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Company, University Partner on Steel Manufacturing Process

Steel manufacturing (Library of Congress)

(Library of Congress)

A materials science lab at Ohio State University in Columbus is working with a manufacturer in Detroit to better understand the science behind the small company’s high-performance steel product. The researchers and the company’s president reported their findings last month in the journal Materials Science and Technology (paid subscription required).

Gary Cola, founder of the company SFP Works LLC, invented the process that makes what he calls Flash Bainite, a form of steel he says is lighter, and has tested stronger and more shock-absorbing than the most common titanium alloys. In addition, the steel takes a small fraction of the time — about 10 seconds — needed to make traditional steels.

Cola is a self-taught metallurgist and entrepreneur, and he approached Ohio State materials scientist Suresh Babu to learn more about the physics behind the process. The better Cola and his company understood the science, the more they could find ways to adapt and improve on the current product.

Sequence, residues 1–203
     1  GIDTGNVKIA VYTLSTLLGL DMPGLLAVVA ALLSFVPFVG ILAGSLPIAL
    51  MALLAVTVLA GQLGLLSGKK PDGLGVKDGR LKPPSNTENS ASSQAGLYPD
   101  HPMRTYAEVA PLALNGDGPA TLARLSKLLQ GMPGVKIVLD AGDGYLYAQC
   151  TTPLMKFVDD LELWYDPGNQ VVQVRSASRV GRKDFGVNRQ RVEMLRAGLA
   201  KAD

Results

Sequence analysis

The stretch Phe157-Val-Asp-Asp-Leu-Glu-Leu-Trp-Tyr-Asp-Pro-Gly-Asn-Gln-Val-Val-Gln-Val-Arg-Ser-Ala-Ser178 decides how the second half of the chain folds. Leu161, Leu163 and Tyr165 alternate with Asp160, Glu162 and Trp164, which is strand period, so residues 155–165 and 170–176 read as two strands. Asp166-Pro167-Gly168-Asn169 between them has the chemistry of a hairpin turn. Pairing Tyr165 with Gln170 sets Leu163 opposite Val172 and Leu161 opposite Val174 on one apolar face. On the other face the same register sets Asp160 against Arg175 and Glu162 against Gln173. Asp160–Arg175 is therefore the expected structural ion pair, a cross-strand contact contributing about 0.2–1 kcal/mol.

Babu and his team looked into the microstructure of the steel, the crystalline arrangement of the grains in the material, using an electron microscope. The found the microstructure of Cola’s steel resembled traditional steel, called a martensite structure. But they also found microstructures of bainite alloys and carbides, with high carbon content. The Ohio State researchers believe the rapid cooling used by Cola’s process enables the steel to keep these other compounds, rather than dissolving in traditional, slower processes.

One result of its unique microstructure is the steel’s increased ductility — the ability to crumble before breaking. This increased ductility means the steel can absorb more force, an important property in vehicles and military armor.

One of Babu’s students is testing Cola’s process to solve the problem of weaknesses induced from the heat of welding. High-strength steel often weakens just outside the weld joint, where the alloy has been heated and cooled. Bringing the speed of Cola’s steel-making method to welding might reduce the damage and thus the weakening found in these adjacent areas.

Read More: Engineers Test Fire’s Effects on Structural Steel

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